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Gareth Kay

Many marketers cling to brands, such as Apple and Nike, to prove that they have cultural impact, but it is often new business models, built from collaboration, that really change lives.
Brands have successfully utilised rituals for their symbolic and emotional power for some time, but how will new rituals be built when AI and voice assistants become our most common interface, asks Gareth Kay.
Resisting the urge to make predictions for the year ahead, Gareth Kay offers up three wishes that he hopes will happen this year, in order to move towards creating a more robust and vital marketing industry.
The ad industry likes to think of itself as great storytellers, but so often fails to look at the form those stories take.
The Association of National Advertisers’ annual Masters of Marketing conference painted a depressing picture, says Gareth Kay, with driving greater efficiency being lauded over the creation of valuable brands and end-to-end brand experiences.
Advertising is a talent business, but advertising and marketing isn’t the pull it once was, so, Gareth Kay argues, creative companies need to build more stimulating working environments to attract the most interesting people.
Gareth Kay argues that the industry should be more careful about how it uses the word ‘brand’, as it is in danger of becoming an empty phrase that will not help marketers connect businesses with their potential customers.
The advertising industry, and its awards, celebrates only success - forgetting the failures from which we could all learn important lessons, argues Gareth Kay.
Planners need to be the change agents inside their agencies and help change how we work to guarantee a more fulfilling future, says Gareth Kay.
Gareth Kay argues that words will never do justice to the best that our brains can create. So it’s time to think less verbally and think more expansively about how marketing communications can work.
Gareth Kay takes inspiration from an ad that's done the seemingly impossible: uniting all the internet in one emotion.
Elasticity is the yin and yang that can unlock the potential of a brand. On the one hand, the more price inelastic your brand is, the greater the price premium you can charge.
I'm writing this article as my company, Chapter, celebrates its second anniversary. We may be 0.0001% complete on our mission, but it feels a big milestone, as around one in two businesses fail during this time period.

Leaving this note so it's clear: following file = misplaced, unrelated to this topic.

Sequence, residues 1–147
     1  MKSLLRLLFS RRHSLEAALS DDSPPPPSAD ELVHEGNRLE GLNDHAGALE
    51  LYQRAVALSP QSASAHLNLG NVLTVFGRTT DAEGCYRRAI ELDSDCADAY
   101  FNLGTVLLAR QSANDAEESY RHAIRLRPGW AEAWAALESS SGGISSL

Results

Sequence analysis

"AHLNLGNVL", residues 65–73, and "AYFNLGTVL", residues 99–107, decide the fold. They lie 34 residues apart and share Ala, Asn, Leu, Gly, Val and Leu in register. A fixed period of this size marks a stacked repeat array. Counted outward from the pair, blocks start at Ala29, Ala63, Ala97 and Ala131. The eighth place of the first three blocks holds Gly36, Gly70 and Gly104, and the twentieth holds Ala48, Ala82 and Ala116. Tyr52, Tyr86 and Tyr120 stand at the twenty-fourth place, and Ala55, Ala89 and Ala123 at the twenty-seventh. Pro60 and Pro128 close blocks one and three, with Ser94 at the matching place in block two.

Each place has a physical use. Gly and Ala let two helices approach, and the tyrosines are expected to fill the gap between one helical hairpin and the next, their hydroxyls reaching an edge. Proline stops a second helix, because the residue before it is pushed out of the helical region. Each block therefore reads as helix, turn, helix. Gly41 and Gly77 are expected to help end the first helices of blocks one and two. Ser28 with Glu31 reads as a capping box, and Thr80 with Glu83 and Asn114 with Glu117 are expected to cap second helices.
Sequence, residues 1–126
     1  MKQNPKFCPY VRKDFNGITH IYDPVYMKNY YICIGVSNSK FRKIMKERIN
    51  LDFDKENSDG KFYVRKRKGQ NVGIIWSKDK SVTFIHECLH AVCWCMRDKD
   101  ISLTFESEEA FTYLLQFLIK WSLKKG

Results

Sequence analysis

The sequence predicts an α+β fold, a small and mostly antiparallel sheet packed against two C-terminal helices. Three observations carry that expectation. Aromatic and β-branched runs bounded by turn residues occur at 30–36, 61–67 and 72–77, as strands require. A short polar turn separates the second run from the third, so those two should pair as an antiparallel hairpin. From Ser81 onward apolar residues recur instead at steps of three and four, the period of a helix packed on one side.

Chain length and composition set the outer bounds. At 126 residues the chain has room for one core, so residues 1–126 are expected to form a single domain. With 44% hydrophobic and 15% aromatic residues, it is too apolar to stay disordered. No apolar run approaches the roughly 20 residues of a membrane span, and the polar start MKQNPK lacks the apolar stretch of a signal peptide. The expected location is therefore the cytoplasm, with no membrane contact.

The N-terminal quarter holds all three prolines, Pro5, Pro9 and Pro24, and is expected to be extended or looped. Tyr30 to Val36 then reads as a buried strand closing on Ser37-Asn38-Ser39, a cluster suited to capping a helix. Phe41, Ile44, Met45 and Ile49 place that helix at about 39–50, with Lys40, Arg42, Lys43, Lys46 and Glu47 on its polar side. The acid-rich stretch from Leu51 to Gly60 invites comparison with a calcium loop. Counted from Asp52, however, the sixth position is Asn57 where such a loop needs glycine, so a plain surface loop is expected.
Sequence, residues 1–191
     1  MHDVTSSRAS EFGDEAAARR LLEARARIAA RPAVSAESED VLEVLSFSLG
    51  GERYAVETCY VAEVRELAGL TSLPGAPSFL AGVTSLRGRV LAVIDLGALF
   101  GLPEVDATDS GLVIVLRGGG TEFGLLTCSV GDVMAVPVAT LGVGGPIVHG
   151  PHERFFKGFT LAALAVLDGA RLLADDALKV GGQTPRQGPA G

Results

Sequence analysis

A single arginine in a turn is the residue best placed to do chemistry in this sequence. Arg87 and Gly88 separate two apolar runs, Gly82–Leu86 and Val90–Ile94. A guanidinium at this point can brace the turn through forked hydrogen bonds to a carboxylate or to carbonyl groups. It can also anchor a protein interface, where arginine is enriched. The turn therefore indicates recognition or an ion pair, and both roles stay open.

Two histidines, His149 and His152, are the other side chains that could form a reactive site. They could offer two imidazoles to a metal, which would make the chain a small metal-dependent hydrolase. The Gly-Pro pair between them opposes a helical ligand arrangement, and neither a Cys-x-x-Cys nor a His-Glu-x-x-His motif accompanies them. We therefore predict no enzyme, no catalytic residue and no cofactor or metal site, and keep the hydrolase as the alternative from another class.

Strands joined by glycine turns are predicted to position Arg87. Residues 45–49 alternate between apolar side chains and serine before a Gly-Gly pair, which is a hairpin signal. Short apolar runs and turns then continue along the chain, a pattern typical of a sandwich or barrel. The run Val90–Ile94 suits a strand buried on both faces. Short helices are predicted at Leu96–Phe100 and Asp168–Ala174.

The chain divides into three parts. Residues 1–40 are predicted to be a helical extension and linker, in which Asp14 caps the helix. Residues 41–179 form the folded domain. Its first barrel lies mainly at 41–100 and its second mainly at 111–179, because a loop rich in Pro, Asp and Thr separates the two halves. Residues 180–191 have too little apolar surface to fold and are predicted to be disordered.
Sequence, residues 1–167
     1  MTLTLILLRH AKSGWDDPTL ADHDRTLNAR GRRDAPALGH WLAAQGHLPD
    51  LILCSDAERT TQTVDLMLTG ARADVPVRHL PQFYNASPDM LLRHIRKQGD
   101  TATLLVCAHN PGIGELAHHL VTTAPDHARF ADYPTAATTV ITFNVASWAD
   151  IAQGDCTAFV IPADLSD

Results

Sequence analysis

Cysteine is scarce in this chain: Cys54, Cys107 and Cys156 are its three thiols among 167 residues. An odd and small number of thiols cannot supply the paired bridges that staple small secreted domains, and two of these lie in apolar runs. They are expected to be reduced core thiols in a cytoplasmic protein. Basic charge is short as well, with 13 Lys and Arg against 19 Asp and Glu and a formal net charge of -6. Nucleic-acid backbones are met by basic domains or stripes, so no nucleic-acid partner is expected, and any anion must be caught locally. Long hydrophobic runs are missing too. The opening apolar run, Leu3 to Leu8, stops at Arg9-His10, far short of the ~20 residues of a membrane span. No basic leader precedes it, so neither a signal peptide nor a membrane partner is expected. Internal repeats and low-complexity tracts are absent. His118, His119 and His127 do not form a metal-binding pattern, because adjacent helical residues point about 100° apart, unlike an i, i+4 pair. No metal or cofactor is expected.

The year 2016 is likely to be remembered for two political events that sent shockwaves around the world: Brexit and the election of Donald Trump as president.
Brands, their marketing and those who advise them tend to live at two polar extremes of the world and oscillate wildly between them.
Niki Nakayama is the chef and owner of a Japanese restaurant called n/naka in LA. She's a technically brilliant chef and her food has been lauded as some of the best in America.
We take great pride as an industry in our ability to solve problems. It's how we tend to frame our capabilities to clients.
About a decade ago, Copernicus Consulting did a research study in the US to look at how we saw brands.
About a dozen years ago, we began to talk about the age of conversation as the web evolved to enable us to spend more time on platforms that connected people together rather than the one-way questioning of information that characterised the nature of the early web.
Just over three years ago I wrote a piece in this magazine arguing that it was time for us to stop thinking big and start acting small instead.
I'm writing this column during the annual marketing world decampment to CES. More headlines, as usual, about whether new technology X or Y will change the game for marketers; more nascent platforms trying their hardest to get a slice of the easy money they see brands offering.
Over the Thanksgiving weekend, I took my daughter to visit the Computer History Museum, just around the corner from the Googleplex in Mountain View.
A couple of months ago, I wrote about the need for marketers and their partners to close the increasingly widening gap between commercial need and creative solution by stopping specialising ourselves into irrelevance.
There's an infamous principle at Google to 'do no evil'. Now, you can argue whether or not they live up to this, but there's no doubt they have done a better job at it than Volkswagen.
In  The Wealth of Nations, Adam Smith first describes the economic value of specialisation: "The division of labour, so far as it can be introduced, occasions, in every art, a proportional increase of the productive powers of labour."  This simple idea – that dividing work into precise jobs for people means the same number of people can do more – has been one that has driven the manufacturing age.